with thee :' so Job's friend promiseth him on condition of piety. And God himself confirmeth that promise; · In that day,' saith he in the Prophet, ‘will I make a covenant for them with the beasts of the field, and with the fowls of heaven, and with the creeping things of the ground.' And again, : When thou passest through the waters, I will be with thee; and through the rivers, they shall not overflow thee : when thou walkest through the fire, thou shalt not be burnt; neither shall the flame kindle on thee.' And, · The sun shall not smite thee by day, nor the moon by night.' - Thou shalt tread on the lion and adder, the young lion and the dragon shalt thou trample under foot.' •They shall take up scorpions; and if they drink any deadly thing, it shall not hurt them:' (so our Lord promised to his disciples.). Not only the heavens shall dispense their kindly influences, and the earth yield her plentiful stores, and all the elements discharge their natural and ordinary good offices; not only the tame and sociable creatures shall on this condition faithfully serve us; but even the most wild, most fierce, most ravenous, most venomous creatures shall, if there be need, prove friendly and helpful, or at least harmless to us: as were the ravens to Elias, the lions to Daniel, the viper to St. Paul, the fire to the three children.

But especially piety doth procure the friendship of the good angels, that puissant host of glorious and happy spirits : they all do tenderly love the pious person ; they are ever ready to serve and do him good, to protect him from danger, to aid him in his undertakings, to rescue him from mischiefs. What an honor, what a blessing is this, to have such an innumerable company of noble friends (the courtiers and favorites of heaven) deeply concerned and constantly vigilant for our welfare !

It also engageth the blessed saints in glory, 'the spirits of just men perfected,” the church of the first-born,' to bear dearest affection to us, to further our prosperity with their good wishes and earnest prayers, mightily prevalent with God.

It rendereth all sorts of men our friends. To good men it uniteth us in holy communion; the communion of brotherly charity and hearty good will, attended with all the good offices they are able to perform : to other men it reconcileth and endeareth us; for that innocent and inoffensive, courteous and benign, charitable and beneficent demeanor, (such as piety doth require and produce,) are apt to conciliate respect and affection from the worst men. For, vincit malos pertinax bonitas ;* men hardly can persist enemies to him whom they perceive to be their friend : and such the pious man in disposition of mind, and in effect when occasion serveth, is toward all men;t being sensible of his obligation to love all men, and, as he hath opportunity, to do good to all men.' It assureth and more strictly endeareth our friends to us. For as it maketh us hearty, faithful, constant friends to others; so it reciprocally tieth others to us in the like sincerity and fastness of good-will.I

It reconcileth enemies. · For “when a man's ways do please the Lord, he maketh his enemies to be at peace with him.' It hath a natural efficacy to that purpose, and divine blessing promoteth it.

By it all conversation becometh tolerable, grateful, and useful. For a pious man is not easily disturbed with any crossness or perverseness, any infirmity or impertinency of those he converseth with : he can bear the weaknesses and the failings of his company; he can by wholesome reflexions on all occurrences advantage and please himself. S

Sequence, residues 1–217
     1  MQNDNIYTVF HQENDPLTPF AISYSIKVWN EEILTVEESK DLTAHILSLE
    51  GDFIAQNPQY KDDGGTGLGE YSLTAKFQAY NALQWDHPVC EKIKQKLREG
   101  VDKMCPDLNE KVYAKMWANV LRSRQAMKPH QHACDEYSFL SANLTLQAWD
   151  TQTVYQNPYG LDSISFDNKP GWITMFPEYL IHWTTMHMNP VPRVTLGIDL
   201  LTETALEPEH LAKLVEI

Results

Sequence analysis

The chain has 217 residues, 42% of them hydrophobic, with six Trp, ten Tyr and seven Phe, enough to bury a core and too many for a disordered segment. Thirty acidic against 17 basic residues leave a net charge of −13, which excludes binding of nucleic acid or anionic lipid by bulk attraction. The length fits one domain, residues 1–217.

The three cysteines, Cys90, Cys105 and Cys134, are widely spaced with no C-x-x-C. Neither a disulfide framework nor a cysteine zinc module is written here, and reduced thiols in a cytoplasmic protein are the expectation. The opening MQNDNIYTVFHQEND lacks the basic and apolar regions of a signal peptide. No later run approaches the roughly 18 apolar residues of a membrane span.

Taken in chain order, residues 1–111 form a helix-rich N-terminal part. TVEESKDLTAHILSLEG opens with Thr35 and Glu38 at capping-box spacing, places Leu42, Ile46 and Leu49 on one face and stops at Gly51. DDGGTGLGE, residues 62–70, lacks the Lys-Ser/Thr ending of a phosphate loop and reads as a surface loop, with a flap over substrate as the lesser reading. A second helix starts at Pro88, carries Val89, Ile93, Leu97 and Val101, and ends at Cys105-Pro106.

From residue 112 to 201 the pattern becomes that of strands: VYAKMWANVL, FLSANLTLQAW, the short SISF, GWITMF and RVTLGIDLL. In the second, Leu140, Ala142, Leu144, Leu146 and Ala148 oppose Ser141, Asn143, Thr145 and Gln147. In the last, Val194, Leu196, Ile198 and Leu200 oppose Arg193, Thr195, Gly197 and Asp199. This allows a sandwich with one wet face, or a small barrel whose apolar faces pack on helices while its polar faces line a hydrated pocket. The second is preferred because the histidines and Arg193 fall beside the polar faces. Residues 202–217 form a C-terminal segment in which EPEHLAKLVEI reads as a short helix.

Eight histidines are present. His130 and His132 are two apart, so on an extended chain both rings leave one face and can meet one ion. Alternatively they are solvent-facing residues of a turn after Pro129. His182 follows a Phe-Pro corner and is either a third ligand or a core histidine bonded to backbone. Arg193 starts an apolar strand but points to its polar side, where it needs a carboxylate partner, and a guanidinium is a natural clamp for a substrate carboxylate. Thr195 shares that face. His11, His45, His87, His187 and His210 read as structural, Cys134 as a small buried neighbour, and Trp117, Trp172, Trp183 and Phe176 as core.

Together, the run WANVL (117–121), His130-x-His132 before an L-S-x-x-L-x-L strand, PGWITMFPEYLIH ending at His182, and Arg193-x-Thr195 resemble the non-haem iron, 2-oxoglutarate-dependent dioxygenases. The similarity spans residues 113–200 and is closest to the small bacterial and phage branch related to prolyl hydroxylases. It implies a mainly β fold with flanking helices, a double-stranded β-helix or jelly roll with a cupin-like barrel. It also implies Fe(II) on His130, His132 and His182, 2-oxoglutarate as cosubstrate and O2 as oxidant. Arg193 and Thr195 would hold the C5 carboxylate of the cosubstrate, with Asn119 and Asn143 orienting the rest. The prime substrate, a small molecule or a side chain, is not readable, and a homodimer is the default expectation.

In fine, piety rendereth a man a true friend and a good com

* Sen. de Benef. vii. 21.

+ Qui sibi amicus est, scito hunc amicum omnibus esse.-Sen. Ep. 6.

Oi åyabol ydeis åarhaous.—Arist. Eth. viii. 4. και Συνδιάγειν τε ούτος εαυτό βούλεται: ηδέως γάρ αυτό ποιεί.- (Aristot. Eth ix. 4.) των τε γάρ πεπραγμένων επιτερπείς αι μνήμαι, και των μελλόντων ελπίδες αγαθαί. .

panion to himself; satisfied in himself, able to converse freely and pleasantly with his own thoughts. It is for the want of pious inclinations and dispositions, that solitude (a thing which sometimes cannot be avoided, which often should be embraced) is to most men so irksome and tedious, that men do carefully shun themselves, and fly from their own thoughts; that they decline all converse with their own souls, and hardly dare look on their own hearts and consciences : whence they become aliens from home, wholly unacquainted with themselves, most ignorant of their own nearest concernments, no faithful friends or pleasant companions to themselves ; so for refuge and ease they unseasonably run into idle or lewd conversation, where they disorder and defile themselves. But the pious man is, like Scipio, never less alone than when alone :'I his solitude and retirement is not only tolerable, but commonly the most grateful and fruitful part of his life; he can ever with much pleasure and more advantage converse with himself; digesting and marshalling his thoughts, his affections, his purposes into good order; searching and discussing his heart, reflecting on his past ways, enforcing his former good resolutions, and framing new ones ; inquiring after edifying truths; stretching his meditations toward the best and sublimest objects, raising his hopes and warming his affections towards spiritual and heavenly things; asking himself pertinent questions, and resolving incident doubts concerning his practice: in fine, conversing with his best friend in devotion; with admiration and love contemplating the divine perfections displayed in the works of nature, of providence, of grace; praising God for his excellent benefits and mercies; confessing his defects and offences; deprecating wrath and imploring pardon, with grace and ability to amend; praying

* Quæris quid profecerim ? amicus esse mihi coepi.-Sen. Ep. 6.

+ Nemo est, cui non satius sit cum quolibet esse, quam secum.Şen. Ep. 25.

"Ένιοι τον ίδιον βίον, ώς άτερπέστατον θέαμα, προσιδείν ουχ υπομένουσιν, &c.—Plut. Tepl Nolutp. p. 916.

Ζητoύσιν οι μοχθηροί μεθ' ών συνημερεύσουσιν, εαυτούς δε φεύγουσιν.-Arist. ix. 4.

| Nunquam minus solus, quam cum solus.